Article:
Thursday, Oct 24
Ginger and I headed out to the Viking Ship Museum this morning. It houses 3 original Viking ships, all were discovered inside burial mounds and unearthed in the late 1800s/early 1900s. The people buried inside would have been quite prominent among their people. All the ships have been reconstructed, although the 3rd one was missing to many parts that only about ⅓ of the ship is on display, the rest having disintegrated through the ages. The other 2 were so well intact, that the museum workers reconstructed the few missing parts in order to display what the complete ship would have looked like originally. The first one that you encounter upon entering the exhibit is the most lavishly decorated Viking ship ever found. And, indeed, it had some exquisite carvings along the keel, both front and back. See photos below. This ship was buried in a massive mound with 2 women (who may or may not have been queens). It was built in the year 820, and buried 14 years later. Buried inside with the two women were lots of things they would need in the after life, including a lavishly carved cart, several horses and dogs, combs, cooking utensils, a couple of beds, and lots of other things that I can’t remember. Some of the items from the burial chamber were also on display. The balls of yarn (so they were labeled) looked like a cat’s hairball. Not sure how they figured out that was a ball of yarn. The ship that was in worst repair had a warrior buried inside it. They figure he died from battle wounds; his leg bone was cut entirely off just above the knee and he had several other cuts to his leg bones consistent with sword wounds. He had, among many other things, a game board and playing pieces buried with him. There were large photos of the dig sites, old and black & white, since the ships were dug up around the turn of the 20th century. I thought it was interesting to see how the shape of the ship had sort of sunk into a flat version of itself through the centuries of dirt pressing down on it and decay of the items buried with the bodies.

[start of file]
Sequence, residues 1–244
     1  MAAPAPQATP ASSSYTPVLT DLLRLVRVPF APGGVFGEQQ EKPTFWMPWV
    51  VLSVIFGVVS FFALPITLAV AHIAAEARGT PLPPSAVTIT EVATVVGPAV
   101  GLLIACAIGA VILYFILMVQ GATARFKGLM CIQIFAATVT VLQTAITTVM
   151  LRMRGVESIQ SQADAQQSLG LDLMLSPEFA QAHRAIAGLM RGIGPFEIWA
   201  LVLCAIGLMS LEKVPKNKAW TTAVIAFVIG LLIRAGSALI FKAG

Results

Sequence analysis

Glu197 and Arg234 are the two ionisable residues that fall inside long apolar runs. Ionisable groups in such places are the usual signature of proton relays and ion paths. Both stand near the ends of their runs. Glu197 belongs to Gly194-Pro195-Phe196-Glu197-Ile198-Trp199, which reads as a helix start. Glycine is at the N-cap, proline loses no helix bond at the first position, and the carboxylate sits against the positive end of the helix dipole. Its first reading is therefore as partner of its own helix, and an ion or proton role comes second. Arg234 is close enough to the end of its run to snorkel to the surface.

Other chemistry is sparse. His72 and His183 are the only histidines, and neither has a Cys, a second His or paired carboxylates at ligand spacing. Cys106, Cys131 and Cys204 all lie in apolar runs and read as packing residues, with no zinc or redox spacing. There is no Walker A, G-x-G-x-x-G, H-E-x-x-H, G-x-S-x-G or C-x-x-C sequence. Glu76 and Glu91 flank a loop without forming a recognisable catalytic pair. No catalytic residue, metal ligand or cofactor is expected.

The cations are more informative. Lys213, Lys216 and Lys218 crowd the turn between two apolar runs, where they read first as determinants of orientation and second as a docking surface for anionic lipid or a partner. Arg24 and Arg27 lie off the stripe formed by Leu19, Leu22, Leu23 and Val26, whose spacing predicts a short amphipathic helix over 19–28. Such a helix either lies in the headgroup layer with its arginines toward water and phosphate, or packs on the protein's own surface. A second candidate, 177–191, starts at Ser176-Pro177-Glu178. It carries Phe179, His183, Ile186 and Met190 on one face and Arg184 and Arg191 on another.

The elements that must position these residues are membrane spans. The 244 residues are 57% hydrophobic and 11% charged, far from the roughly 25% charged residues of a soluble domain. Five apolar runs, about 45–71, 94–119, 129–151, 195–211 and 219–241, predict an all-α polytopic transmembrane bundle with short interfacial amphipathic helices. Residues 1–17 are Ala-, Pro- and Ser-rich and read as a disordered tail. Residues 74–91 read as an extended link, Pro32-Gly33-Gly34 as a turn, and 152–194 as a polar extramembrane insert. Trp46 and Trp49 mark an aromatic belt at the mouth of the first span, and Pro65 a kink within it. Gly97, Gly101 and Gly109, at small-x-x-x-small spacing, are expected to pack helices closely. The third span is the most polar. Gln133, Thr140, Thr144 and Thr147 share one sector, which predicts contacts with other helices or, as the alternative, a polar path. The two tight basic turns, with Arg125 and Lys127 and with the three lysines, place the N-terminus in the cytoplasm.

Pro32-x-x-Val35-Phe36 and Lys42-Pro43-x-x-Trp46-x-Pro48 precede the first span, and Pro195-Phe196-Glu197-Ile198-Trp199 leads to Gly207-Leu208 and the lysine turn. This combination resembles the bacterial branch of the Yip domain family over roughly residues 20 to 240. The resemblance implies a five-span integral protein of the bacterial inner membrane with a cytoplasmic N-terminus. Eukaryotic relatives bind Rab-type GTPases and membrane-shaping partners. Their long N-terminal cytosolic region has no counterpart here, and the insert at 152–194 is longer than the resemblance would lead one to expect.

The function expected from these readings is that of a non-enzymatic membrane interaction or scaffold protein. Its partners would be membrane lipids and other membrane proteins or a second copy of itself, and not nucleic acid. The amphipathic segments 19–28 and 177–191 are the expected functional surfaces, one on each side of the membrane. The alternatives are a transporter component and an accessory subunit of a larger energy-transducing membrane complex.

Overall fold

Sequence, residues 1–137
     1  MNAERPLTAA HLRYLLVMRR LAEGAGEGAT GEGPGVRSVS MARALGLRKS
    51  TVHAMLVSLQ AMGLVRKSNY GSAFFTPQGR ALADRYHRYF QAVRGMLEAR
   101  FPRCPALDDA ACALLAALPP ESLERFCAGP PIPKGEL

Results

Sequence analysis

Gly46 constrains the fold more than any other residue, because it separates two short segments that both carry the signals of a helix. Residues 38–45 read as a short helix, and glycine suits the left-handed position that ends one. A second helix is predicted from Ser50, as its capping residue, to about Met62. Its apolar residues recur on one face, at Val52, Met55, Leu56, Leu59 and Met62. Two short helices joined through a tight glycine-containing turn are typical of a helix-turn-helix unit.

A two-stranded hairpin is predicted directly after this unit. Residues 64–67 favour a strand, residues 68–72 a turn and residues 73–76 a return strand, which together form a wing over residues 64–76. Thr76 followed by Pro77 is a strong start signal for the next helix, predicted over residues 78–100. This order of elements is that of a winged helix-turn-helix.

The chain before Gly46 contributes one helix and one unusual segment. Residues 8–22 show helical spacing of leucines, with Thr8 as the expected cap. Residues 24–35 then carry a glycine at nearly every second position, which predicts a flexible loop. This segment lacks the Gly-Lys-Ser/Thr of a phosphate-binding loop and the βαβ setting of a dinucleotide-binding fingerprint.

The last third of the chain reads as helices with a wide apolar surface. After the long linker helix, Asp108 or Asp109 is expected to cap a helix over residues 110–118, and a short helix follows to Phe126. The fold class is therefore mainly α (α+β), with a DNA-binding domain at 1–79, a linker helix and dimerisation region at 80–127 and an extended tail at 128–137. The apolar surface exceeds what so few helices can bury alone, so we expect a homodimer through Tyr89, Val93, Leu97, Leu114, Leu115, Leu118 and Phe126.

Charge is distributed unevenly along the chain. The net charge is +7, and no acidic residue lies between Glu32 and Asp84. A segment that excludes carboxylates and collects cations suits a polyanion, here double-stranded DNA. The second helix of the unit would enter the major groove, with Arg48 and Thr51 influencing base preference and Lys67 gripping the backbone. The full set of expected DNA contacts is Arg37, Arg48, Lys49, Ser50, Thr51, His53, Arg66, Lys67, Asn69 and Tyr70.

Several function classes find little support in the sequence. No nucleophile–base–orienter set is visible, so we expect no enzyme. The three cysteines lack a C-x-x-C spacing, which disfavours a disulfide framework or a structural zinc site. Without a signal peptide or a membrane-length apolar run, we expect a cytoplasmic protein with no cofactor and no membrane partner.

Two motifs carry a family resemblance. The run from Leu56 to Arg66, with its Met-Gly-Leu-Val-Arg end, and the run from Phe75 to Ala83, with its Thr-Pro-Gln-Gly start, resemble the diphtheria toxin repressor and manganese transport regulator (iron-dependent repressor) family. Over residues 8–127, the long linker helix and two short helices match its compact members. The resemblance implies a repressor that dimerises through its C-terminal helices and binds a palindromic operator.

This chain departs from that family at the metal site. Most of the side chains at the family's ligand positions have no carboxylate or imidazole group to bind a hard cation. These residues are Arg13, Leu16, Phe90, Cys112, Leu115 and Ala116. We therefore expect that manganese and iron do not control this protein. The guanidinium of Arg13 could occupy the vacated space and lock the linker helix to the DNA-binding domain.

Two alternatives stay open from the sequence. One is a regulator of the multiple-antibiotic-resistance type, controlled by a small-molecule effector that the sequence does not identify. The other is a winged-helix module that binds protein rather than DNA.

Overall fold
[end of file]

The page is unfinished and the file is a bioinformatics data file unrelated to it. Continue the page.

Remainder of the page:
After the museum, we walked around the corner to a little restaurant called Cafe Hjemme hos Svigers (which translates to “the home of the in-laws”). Ginger and I both ordered sandwiches, which came shaped like three dimensional Viking ships. (See photos). We ate them with forks, as they seemed not to be the kind of sandwich you pick up with your hands to eat.
After lunch we strolled (in the steadily increasing rain) among the shops along Karl Johans Gate – a central shopping district in Oslo. One of the souvenir shops that we stopped in, called Universal Presentkort, had a little Troll Forest scene in the middle of the store. There were animatronic trolls and taxidermied animals, including a bear eating some berries.